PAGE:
Water Fountains along the Camino de Santiago

by Debby Jagerman-Dungan
( November 26th, 2012 )

Camino de Santiago Water Fountains

Finding water to drink along the Camino de Santiago pilgrimage route is quite easy. One option is to buy bottled water, which you can find at places like cafés, bars, restaurants, and albergues. Although it is less expensive, and more fun, to walk into a small local market and buy bottled water there.

Camino de Santiago Water Fountains

However, a free, and more environmentally friendly option, is to drink water from the abundance of water fountains conveniently located along the way. If there is either no sign, or if there is a sign that says, “agua potable,” then it is alright to drink this water. Do not drink the water from a fountain that says, “non potable” or “agua sin garantia sanitaria.”

Camino de Santiago Water Fountains

A way to carry this fountain water with you is to buy one of the bottled waters mentioned above, and then reuse this water bottle over and over again. Alternatively, bring along a water bladder, which is what I did, and refill that as needed.

Camino de Santiago Water Fountains

What I thought was the best part about getting water at all these water fountains was that each fountain was different, fun, and uniquely designed. For example, some were decorated with or near flowers, others were near religious symbols, and others contained the scallop shell symbol of the Camino.

Camino de Santiago Water Fountains

Camino de Santiago Water Fountains

Of note in the photo below are my backpack and my hiking pole next to the water fountain.

Camino de Santiago Water Fountains

This is the water fountain where I happened to obtain that hiking pole, and left my walking stick.

Camino de Santiago Water Fountains

And this fountain was apparently was built in 1849!

Camino de Santiago Water Fountains

Sweet (and drinkable) Travels!

Thoughts, Tips, and Translations for Today’s Blog:

Contemplative Thought from the Camino: None. Sometimes it was good not to think when walking along the Camino.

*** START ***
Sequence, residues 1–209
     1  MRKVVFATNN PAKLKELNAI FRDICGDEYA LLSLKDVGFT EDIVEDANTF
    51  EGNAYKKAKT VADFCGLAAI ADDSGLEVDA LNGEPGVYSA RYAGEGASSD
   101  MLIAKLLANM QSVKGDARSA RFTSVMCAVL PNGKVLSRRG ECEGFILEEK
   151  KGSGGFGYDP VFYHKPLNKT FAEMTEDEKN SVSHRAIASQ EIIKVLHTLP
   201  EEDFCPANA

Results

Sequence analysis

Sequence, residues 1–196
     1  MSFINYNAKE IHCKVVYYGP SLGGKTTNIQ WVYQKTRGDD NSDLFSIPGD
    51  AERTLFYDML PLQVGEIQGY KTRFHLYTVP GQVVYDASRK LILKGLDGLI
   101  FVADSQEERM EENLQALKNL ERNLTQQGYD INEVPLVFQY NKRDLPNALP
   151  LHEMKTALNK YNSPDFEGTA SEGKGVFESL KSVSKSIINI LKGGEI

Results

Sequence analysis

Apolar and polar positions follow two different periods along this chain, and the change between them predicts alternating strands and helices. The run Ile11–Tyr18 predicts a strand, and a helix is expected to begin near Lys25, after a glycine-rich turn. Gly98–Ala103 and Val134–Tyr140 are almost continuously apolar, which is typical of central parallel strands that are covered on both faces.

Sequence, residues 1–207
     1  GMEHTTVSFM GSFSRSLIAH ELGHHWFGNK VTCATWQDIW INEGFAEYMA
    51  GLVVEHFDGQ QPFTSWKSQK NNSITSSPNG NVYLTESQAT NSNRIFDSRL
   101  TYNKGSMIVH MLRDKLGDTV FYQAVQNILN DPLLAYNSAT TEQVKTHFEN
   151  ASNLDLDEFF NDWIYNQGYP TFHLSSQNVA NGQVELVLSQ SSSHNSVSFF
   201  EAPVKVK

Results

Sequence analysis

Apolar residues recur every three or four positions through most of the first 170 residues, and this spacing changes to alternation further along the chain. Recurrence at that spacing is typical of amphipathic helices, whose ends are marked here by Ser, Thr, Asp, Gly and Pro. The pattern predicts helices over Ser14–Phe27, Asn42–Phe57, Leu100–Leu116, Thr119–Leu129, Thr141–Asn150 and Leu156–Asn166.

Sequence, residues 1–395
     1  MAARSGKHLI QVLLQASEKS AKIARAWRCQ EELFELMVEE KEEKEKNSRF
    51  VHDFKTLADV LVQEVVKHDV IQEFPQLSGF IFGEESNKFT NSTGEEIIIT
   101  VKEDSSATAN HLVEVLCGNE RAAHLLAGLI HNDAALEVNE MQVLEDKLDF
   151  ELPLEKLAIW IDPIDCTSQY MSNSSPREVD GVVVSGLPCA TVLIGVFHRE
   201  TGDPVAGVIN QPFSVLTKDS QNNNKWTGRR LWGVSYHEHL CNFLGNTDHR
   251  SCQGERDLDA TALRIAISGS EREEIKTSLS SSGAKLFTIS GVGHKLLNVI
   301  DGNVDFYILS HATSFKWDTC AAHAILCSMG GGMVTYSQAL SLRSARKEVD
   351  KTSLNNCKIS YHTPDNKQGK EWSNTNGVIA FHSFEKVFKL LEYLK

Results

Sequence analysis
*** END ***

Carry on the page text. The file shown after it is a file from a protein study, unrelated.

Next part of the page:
Packing Tip for the Pilgrimage: I wrote about this tip in a previous blog, but it seems appropriate to mention it again now. I used this very convenient water bladder. It was light weight, easy to fill, and carried a good amount of water.

Spanish Translation of the Santiago: Fuente de Agua = Water Fountain. Agua Potable = Drinking Water. Non potable = Not Drinking Water. Agua Sin Garantia Sanitaria = “Water Without Health Guarantee.”

From our partners
On November 29th, 2012 at 5:56 pm, Nancy Sorell said:


On November 29th, 2012 at 9:46 pm, Debby Jagerman said:

Nancy, Like your Like!

On December 2nd, 2012 at 12:47 pm, Sarah Shaw - WanderShopper said:

Beautiful photos, Debby! All your wonderful posts make me want to do the walk too!

On December 2nd, 2012 at 5:06 pm, Debby Jagerman said:

Thank you very much, Sarah! I hope that someday you will do the walk!

On February 22nd, 2013 at 6:54 am, London Architects said:

There can be little doubt that people like water fountains. Water fountains are popular because of their aesthetic appearance, pleasing sound and because they seem to transform the atmosphere wherever they are. One of the greatest benefits of having a water fountain has to be those wonderful sound effects.

On October 23rd, 2013 at 5:25 pm, Tanne said:

So, is it safe to drink from the fountains, or would it be safer to drink bottled water?

On October 25th, 2013 at 8:15 am, Debby Lee Jagerman said:


Please refer to this link regarding drinking water, but basically,
“The water is safe everywhere except the few places where is specifically labeled as “non potabile.”


Mentions on other sites...
  1. Passports with Purpose, Water.org, Haiti, $10, a Chance to Win a Prize, and YOU - Debby's Departures on December 3rd, 2012 at 6:35 pm
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